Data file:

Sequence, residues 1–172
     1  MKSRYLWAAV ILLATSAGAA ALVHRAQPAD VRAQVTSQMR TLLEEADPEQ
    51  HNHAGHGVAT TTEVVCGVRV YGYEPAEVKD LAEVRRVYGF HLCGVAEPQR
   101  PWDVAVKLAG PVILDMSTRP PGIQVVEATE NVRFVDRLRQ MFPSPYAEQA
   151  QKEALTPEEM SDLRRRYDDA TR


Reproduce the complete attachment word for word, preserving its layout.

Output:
Sequence, residues 1–172
     1  MKSRYLWAAV ILLATSAGAA ALVHRAQPAD VRAQVTSQMR TLLEEADPEQ
    51  HNHAGHGVAT TTEVVCGVRV YGYEPAEVKD LAEVRRVYGF HLCGVAEPQR
   101  PWDVAVKLAG PVILDMSTRP PGIQVVEATE NVRFVDRLRQ MFPSPYAEQA
   151  QKEALTPEEM SDLRRRYDDA TR